That’s a fantastic point, or would be if fans were just upset about the lack of closure. In reality, the most upsetting fact is that we were promised innumerable endings that reflect our choices throughout the games; Casey Hudson had a quote about this, saying there would be so many, and they would be so carried you couldn’t say that you got ending A,B, or C. But that is exactly what happened. Beyond that, the ending invalidates everything you have done so far. It’s really more of that they had lied to us about what was going to occur, not just that it didn’t end how we wanted it to.

  • Kyle

    1.) Bioware really hasn’t announced anything yet but “content initiatives.” Could be a comic or book or whatever. No victory has been declared.

    2.) “Fantrum?” how about disgruntled consumer. I bought a product that was advertised as X and was given Y.

    3.) Video games are not movies or books. Imagine going to see Episode I today. Ten years ago we could only tell your friends how much Jar JAr sucks… today you can reach a much wider audience ie A Jar Jar sucks Facebook page. If we had Facebook would we have demanded Lucas change it… I don’t think so because movies are not interactive experiences that regularly get additional content that change them. There would always be more content or DLC for Mass Effect anyway because that is how video games work.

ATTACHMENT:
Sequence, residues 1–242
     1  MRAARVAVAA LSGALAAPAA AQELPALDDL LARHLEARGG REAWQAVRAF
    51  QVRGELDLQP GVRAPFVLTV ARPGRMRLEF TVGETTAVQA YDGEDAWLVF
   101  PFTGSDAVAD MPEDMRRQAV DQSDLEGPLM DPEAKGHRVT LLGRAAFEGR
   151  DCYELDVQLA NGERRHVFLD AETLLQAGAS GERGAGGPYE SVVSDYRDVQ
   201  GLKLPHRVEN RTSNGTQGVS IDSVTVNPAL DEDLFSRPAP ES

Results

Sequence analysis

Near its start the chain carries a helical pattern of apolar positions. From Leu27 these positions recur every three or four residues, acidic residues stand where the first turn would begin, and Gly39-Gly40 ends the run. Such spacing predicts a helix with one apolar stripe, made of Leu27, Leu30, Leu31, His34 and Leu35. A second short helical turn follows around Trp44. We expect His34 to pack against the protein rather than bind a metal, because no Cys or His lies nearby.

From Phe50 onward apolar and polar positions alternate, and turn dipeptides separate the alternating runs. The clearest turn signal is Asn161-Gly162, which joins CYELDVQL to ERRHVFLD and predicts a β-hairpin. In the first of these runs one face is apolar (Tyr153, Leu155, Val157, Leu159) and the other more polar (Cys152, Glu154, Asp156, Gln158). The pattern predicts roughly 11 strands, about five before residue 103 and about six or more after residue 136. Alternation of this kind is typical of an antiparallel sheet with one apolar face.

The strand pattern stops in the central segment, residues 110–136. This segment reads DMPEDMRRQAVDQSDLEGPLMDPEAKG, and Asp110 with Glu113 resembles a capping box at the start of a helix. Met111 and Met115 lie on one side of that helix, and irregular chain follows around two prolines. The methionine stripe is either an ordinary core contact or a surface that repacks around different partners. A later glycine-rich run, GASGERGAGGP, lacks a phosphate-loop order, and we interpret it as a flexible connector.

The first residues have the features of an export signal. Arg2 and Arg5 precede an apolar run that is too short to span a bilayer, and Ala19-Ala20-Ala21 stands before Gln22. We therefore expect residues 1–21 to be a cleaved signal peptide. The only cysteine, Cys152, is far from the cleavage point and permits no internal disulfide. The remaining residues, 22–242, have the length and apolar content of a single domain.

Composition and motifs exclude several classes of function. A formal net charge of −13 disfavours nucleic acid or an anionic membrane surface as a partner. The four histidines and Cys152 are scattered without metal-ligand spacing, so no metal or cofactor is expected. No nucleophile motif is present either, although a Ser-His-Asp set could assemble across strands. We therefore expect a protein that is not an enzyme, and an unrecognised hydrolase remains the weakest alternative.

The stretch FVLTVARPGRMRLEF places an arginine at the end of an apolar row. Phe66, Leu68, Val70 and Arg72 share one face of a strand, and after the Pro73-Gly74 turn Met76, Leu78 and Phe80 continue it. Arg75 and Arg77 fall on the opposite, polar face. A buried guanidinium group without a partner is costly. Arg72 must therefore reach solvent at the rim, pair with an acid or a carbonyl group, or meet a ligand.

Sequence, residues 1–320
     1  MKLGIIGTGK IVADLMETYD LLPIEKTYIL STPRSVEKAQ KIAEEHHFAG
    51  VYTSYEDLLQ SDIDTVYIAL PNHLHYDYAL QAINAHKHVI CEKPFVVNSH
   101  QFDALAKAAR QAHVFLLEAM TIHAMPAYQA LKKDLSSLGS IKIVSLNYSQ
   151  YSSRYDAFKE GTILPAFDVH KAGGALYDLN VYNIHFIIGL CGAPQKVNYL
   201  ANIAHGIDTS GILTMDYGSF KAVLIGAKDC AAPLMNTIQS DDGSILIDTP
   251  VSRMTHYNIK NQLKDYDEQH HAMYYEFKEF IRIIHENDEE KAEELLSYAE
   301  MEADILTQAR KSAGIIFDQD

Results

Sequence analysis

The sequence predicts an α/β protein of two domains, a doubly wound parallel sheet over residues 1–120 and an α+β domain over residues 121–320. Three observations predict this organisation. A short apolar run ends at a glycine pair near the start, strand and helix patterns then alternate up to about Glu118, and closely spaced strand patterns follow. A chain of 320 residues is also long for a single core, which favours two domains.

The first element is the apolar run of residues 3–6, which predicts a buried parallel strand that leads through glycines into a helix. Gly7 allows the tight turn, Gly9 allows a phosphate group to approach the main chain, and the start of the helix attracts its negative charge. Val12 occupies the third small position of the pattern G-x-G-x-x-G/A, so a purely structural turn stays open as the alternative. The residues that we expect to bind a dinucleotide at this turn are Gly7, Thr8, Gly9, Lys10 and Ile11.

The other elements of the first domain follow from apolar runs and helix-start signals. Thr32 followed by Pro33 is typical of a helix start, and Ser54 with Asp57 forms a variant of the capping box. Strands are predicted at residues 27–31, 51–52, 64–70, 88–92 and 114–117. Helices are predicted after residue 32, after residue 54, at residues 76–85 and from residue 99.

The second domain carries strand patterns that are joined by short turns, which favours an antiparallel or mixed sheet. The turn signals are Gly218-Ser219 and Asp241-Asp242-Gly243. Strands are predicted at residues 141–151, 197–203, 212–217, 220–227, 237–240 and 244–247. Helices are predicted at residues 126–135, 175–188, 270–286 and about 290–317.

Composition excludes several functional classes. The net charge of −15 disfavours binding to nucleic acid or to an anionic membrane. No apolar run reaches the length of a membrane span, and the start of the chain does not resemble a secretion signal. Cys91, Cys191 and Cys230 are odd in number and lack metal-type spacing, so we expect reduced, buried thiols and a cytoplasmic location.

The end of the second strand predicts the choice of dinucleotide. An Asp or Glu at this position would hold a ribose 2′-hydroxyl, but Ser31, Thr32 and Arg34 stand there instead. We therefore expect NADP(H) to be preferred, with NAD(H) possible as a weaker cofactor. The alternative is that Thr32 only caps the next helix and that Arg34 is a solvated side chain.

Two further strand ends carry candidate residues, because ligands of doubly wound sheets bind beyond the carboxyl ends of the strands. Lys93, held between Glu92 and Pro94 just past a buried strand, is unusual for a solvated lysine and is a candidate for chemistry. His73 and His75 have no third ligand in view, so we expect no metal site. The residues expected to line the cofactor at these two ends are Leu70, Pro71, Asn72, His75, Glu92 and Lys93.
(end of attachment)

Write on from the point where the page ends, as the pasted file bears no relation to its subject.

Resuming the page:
4.) There is a theory that the end is “just a dream” called the Indoctrination Theory. If this is true then Bioware cut the ending of the game off so that they could sell it to us later as DLC. Imagine a movie going black in the last 10 minutes walking out into the lobby and the management asking for 5 bucks for a copy of the real ending. (Far Fetched? a game called Azuras Wrath just did this.)